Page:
MEPS prepress abstract  -  DOI: https://doi.org/10.3354/meps12491

Long-term change in the distribution of Japanese sardine in the Sea of Japan during population fluctuations

Soyoka Muko*, Seiji Ohshimo, Hiroyuki Kurota, Tohya Yasuda, Masa-Aki Fukuwaka

*Email: symuko@gmail.com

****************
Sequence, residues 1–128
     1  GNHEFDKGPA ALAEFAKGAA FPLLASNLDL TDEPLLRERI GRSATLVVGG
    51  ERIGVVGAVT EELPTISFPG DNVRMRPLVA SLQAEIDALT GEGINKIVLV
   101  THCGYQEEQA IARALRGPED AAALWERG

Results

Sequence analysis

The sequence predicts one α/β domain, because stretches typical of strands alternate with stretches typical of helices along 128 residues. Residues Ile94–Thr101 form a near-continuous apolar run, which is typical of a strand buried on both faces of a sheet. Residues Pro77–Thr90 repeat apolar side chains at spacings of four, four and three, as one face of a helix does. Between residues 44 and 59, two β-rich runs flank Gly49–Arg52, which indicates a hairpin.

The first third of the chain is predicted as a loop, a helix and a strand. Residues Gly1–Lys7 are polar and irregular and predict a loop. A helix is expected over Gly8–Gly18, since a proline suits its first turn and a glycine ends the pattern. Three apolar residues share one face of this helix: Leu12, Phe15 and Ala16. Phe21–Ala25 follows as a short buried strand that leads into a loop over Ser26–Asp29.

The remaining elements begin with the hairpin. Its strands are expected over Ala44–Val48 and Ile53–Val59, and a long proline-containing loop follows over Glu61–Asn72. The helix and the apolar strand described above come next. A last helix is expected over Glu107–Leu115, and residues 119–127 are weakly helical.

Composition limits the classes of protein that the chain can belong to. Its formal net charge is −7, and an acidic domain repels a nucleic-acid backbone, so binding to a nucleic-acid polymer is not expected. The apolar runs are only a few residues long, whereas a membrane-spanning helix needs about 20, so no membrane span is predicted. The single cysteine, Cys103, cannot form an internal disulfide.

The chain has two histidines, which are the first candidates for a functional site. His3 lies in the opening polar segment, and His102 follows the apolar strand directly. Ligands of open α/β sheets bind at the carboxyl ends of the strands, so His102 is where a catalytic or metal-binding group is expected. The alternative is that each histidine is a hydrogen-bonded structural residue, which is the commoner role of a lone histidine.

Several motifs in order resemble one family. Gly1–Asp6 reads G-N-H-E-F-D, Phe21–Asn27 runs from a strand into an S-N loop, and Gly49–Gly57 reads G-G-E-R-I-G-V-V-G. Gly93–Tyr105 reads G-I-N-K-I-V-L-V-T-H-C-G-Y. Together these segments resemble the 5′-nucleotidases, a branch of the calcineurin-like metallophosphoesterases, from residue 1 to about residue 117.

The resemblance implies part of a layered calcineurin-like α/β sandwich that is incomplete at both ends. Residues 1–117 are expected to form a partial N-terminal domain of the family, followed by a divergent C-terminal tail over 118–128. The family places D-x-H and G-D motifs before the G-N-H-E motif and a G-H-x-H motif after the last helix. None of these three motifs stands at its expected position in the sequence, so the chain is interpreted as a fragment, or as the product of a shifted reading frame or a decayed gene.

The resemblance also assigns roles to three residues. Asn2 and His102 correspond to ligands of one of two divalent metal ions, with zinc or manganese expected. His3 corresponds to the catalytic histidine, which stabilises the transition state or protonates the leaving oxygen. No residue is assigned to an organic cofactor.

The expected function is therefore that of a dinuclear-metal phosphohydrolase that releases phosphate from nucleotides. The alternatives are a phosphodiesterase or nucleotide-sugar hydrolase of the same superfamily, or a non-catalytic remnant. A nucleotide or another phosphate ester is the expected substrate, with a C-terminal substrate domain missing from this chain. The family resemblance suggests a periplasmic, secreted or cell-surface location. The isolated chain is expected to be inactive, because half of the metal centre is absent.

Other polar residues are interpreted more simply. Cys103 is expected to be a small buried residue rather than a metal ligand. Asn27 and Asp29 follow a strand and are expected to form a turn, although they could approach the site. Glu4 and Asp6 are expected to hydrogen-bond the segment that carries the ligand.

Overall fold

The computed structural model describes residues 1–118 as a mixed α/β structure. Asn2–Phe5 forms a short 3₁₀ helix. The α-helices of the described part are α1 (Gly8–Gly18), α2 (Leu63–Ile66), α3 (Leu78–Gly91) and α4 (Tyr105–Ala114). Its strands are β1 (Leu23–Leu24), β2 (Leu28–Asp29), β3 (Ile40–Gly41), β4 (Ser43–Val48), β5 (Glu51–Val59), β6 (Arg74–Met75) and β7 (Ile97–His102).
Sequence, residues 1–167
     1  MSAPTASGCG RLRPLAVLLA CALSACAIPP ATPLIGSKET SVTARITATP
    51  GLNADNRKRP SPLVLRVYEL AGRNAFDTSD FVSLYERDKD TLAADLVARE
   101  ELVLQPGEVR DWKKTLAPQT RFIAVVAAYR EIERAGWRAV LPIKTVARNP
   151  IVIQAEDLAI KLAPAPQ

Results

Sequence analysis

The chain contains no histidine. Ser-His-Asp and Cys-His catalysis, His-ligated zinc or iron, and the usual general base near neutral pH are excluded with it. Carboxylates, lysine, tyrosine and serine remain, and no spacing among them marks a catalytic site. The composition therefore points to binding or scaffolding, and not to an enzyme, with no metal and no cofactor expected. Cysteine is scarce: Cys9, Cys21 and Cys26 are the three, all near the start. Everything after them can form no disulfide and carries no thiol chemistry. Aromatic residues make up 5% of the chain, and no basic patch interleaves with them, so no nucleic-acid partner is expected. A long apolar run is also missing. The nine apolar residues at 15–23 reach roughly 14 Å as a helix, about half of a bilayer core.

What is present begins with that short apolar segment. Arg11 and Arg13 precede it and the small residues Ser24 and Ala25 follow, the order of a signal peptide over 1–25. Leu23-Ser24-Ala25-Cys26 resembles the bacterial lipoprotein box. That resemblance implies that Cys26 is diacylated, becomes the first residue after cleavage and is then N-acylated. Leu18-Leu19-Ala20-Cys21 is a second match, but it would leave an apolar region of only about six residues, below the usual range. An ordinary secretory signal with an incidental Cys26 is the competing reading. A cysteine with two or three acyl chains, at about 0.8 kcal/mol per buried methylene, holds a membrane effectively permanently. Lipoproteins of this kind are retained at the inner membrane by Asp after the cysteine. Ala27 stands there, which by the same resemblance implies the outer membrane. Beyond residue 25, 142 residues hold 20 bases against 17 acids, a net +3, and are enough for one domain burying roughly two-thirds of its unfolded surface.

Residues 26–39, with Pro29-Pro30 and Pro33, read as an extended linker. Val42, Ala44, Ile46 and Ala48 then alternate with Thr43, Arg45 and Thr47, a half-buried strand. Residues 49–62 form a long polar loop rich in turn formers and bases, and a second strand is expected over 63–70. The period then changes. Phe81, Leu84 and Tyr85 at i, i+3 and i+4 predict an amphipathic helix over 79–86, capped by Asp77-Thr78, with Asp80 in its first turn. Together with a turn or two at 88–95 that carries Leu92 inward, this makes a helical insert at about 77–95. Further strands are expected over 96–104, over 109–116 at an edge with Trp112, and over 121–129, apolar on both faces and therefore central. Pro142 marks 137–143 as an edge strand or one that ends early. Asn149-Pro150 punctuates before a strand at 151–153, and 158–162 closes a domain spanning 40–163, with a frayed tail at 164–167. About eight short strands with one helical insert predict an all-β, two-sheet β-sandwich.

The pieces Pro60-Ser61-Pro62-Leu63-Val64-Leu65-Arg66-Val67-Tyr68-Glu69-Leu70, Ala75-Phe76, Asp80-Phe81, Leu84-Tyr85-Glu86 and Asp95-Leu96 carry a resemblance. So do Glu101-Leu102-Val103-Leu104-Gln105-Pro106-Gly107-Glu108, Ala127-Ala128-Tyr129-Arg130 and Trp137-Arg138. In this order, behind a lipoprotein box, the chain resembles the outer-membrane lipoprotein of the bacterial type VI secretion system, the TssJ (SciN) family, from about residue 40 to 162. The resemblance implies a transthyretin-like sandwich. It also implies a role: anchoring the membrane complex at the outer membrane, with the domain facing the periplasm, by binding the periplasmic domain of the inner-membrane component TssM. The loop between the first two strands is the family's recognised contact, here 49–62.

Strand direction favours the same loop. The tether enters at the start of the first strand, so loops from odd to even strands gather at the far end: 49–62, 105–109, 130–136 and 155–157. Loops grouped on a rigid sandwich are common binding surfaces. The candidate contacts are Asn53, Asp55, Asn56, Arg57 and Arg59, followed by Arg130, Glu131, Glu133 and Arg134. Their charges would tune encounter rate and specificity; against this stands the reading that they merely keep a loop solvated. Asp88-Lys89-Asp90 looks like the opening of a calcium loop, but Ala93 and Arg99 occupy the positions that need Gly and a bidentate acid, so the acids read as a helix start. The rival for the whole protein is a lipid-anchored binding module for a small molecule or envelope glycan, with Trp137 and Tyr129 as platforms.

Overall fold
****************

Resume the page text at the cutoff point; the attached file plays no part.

ABSTRACT: The distribution of small pelagic fish species changes in association with fluctuating stock biomass. We analyzed the spatio-temporal dynamics of Japanese sardine inhabiting the Sea of Japan during periods of stock biomass fluctuation using generalized additive models (GAMs). Logbook data from drift gill net surveys and large- and medium-type purse seine fisheries, conducted from 1970 to 1999, were used. A two-step data analysis was performed: (1) that for the presence or absence of sardine, and (2) that for the catch per unit effort (CPUE) where fish were present. The explanatory variables in the GAMs were year, longitude/latitude, sea surface temperature, and fishing method. The best model based on the Akaike’s Information Criterion showed that the likelihood of high sardine presence was limited to areas around the Oki and Tsushima Islands in the early 1970s. However, these areas expanded south along the coast and offshore to the north until the mid-1980s. Subsequently, sardine presence contracted to the initial distribution areas during the mid-1990s. Over the 30-year period, the spatial distribution of the CPUE changed minimally for both fishing methods. Compared with the trajectory of stock biomass, the potential distribution area began expanding during the initial phase of population expansion, and started contracting before biomass peaked. There was a time lag between the peaks of distribution area and biomass. In conclusion, we discuss that changes to oceanographic conditions in response to a climate regime shift may influence the distribution of Japanese sardine in the Sea of Japan.